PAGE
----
How the Triview Metro District is Funded
If you’re new to our community, you may have questions about what the Triview Metro District is and why you pay property taxes to the district. The following background information may help explain who we are and why we exist.
Triview was formed in 1985 as a special tax district that was created to provide municipal services where there were none. At the time, there were none of the amenities that exist today – roads, water, sewers, electricity, parks, trails and open spaces. The district issued bonds to pay for these, and the principal and interest on those bonds are paid for through a 24-mill property tax assessed on residential and commercial properties in the district. Of the 24 mills, 21.5 go toward debt service and 2.5 are for district operations and maintenance.
Today, the district is responsible for operating and maintaining these public assets and it generates revenue to pay for them by levying fees and charges, collecting taxes and issuing bonds. The district includes two distinct funds for operations: the General Fund and the Utility Enterprise.
About the General Fund
The General Fund provides all street maintenance (including street overlays and snow removal), parks and open space maintenance, and operates our stormwater facilities. The General Fund receives money from three primary sources:
- A 50% sales tax share-back agreement with the Town of Monument from retail businesses located on Baptist Road and Jackson Creek Parkway.
- A property tax mill levy of 2.5 mills.
- One-time fees charged at the time a building permit is issued for newly constructed homes and commercial buildings for parks and open space fees, road and bridge fees, and drainage fees.
The sales tax money is used to pay for the operation of the Streets and Parks departments along with the current 2.5 mills from the property tax assessment. The remaining 21.5 property tax mill levy is used to pay debt service payments on bonds that were issued for the initial construction of all of the district’s infrastructure beginning in the mid-1980s.
About the Utility Enterprise
The Utility Enterprise provides water and wastewater services to our approximately 2,155 homes and businesses (as of July 2023). In order to pay for utility operations, the district charges fees for both water and wastewater services. The Utility Enterprise also collects various water and wastewater fees on each home being built in the district. These fees are used to build major capital projects such as the Northern Delivery System, acquire water rights, and pay a portion of the debt service on revenue bonds that were issued to pay for the purchase of the district’s renewable water rights.
As Triview grows, both residential and commercial properties add value to Triview’s overall market value, which yields an increase in assessed valuation. When the district market value appreciates, it takes fewer mills to pay outstanding general obligation debt. This then enables the district to continue to reduce the mill levy, which will translate into lower taxes assessed on properties within the district’s boundaries.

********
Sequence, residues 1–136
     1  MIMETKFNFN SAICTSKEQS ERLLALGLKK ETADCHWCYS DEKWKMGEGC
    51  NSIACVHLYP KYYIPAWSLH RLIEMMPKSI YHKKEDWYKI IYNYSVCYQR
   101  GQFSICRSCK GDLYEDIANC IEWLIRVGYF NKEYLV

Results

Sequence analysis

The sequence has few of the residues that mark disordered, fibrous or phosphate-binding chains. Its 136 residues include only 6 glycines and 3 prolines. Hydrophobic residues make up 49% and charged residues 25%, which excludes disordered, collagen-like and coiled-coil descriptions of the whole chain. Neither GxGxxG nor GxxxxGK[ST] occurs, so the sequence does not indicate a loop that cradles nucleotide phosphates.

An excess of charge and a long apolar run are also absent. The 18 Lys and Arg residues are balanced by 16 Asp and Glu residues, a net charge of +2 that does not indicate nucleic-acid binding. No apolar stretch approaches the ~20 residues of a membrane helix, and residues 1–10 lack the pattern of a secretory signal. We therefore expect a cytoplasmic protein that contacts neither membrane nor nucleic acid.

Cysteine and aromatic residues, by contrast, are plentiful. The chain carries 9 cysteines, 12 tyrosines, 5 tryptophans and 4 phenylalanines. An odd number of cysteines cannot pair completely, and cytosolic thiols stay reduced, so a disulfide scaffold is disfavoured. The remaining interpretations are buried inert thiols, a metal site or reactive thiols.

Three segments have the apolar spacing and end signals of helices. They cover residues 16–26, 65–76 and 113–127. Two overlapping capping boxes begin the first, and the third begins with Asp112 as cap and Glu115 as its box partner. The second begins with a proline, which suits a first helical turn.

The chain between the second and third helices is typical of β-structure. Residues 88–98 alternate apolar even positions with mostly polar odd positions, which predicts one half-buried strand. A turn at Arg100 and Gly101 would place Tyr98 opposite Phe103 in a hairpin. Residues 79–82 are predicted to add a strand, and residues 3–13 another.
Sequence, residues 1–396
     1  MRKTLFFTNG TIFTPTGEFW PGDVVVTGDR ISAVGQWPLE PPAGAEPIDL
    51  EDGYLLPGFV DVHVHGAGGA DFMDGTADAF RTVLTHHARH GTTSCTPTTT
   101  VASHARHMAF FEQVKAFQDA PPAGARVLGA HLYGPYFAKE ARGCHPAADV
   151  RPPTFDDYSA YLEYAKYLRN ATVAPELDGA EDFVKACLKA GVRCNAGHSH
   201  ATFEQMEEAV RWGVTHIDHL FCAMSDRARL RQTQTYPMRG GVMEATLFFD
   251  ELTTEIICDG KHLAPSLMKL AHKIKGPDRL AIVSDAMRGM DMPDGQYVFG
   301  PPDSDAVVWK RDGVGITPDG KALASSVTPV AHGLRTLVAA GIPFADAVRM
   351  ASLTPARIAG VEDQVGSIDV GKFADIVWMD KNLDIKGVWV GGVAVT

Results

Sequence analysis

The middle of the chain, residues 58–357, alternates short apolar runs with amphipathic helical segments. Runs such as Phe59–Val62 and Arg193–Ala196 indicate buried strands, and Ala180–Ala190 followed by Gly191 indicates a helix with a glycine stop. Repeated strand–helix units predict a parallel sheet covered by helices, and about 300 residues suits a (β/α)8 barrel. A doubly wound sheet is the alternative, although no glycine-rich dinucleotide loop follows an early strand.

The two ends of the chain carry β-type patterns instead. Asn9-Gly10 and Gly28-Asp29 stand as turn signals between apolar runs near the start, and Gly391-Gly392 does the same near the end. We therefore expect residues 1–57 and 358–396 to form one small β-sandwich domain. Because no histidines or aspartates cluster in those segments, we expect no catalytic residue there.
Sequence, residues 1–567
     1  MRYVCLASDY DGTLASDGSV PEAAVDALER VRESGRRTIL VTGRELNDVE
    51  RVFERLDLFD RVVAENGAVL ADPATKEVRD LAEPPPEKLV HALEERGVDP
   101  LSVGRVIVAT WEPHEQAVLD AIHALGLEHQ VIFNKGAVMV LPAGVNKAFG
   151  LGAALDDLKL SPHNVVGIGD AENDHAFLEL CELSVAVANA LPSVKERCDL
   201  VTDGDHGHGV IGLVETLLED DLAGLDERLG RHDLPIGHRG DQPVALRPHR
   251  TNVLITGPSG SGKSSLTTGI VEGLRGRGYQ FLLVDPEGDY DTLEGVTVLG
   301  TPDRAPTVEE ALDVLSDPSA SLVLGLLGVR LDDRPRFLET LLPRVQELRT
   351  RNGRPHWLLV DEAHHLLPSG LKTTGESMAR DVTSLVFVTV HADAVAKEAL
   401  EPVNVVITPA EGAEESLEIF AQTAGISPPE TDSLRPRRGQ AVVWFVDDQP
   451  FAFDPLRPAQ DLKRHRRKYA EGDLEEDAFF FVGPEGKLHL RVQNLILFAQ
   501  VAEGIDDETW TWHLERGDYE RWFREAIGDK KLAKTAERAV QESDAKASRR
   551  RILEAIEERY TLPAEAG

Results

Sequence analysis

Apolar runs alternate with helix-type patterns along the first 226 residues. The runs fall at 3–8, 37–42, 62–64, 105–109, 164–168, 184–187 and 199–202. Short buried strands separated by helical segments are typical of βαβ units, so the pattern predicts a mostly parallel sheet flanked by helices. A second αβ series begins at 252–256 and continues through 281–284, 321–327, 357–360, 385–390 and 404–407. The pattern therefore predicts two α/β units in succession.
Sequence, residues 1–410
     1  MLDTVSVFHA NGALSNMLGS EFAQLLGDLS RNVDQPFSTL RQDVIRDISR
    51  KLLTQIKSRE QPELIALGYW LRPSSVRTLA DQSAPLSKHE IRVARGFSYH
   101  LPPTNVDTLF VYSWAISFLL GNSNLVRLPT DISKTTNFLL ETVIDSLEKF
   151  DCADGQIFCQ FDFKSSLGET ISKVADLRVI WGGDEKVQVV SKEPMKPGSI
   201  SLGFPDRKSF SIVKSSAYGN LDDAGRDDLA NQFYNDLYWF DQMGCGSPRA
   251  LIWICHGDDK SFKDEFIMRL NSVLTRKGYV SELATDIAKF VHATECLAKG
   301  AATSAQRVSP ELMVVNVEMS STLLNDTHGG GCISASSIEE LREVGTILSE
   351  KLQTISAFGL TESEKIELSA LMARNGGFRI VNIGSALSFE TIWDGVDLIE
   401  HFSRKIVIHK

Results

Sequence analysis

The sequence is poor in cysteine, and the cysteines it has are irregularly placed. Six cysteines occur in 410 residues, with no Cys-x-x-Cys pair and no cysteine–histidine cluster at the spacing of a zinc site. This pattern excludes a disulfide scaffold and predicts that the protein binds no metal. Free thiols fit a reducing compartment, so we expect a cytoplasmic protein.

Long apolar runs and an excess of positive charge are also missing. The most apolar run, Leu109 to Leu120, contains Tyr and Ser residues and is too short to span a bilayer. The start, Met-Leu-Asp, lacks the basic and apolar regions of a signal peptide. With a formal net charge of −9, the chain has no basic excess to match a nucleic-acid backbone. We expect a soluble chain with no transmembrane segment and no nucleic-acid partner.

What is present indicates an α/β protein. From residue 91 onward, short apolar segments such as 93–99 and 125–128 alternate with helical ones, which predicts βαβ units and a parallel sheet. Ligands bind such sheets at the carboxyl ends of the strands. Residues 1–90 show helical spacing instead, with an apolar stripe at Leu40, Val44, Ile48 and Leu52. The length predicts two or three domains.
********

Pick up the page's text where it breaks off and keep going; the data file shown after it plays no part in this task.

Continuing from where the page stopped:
2024 Budget Preview
The Triview Metro District staff and board are working hard to finalize the 2024 budget before the board reviews the final budget on Dec. 11, 2023. Once it’s approved, we will share the highlights of the 2024 budget and it will be posted to the website. In the meantime, following is a sneak preview of what’s to come.
The Triview Metro board of directors anticipates reducing the 2024 mill levy to 18 mills for Debt Service and 4 mills for Operations. This reduction assumes that Proposition HH does not pass and the district’s ability to meet its debt service requirements is not compromised. This reduction will save homeowners, on average, several hundred dollars per year in property taxes paid to the district. One of the reasons we have been able to continue to reduce the mills — which have dropped from 35 a few years ago to 24 now — is because of the growth in the district. New homes, the addition of commercial properties, and the appreciation of real estate values, have increased overall revenues. The district’s debt service obligation is relatively constant. Given this, the mill levy can be reduced because the amount of assessed valuation has increased which means the mill levy multiplier can be reduced, thereby yielding the same net revenue.
Proposition HH is one of two statewide ballot initiatives for this November 7. If it passes, it reduces the property tax rate; allows the state to retain and spend revenues that would otherwise be required to be refunded to residents under the Colorado Taxpayer’s Bill of Rights (TABOR), thus reducing TABOR refunds now and in the future; allocates revenue to local governments to make up lost tax revenues from the property tax rate reduction; creates a new increased cap on state revenue; and creates a limit on local government property tax revenues.
Northern Delivery System Update
Progress continues on the NDS, which when completed next summer, will bring renewable water to Triview and Forest Lakes customers. It will allow us to transition from our dependence on nonrenewable Denver Basin groundwater to creating our own water delivery system connecting our community to renewable water rights we have acquired.
We encourage you to check our contractor’s progress at https://www.triviewnds.com/.
By the end of this month, we expect restoration, landscaping and trail replacement to be complete on Section B 1, B-2, B-3. The road to the Triview water tank will be paved and restoration will be competed. Final mill and overlay of Roller Coaster Road and Old Northgate Road will be completed in mid-October.
Water continues to be a challenge for communities in our state, and our proactive steps mean we will maintain access to the water needed for our community to thrive. Beyond making life easier and cheaper, it also helps protect and enhance home values.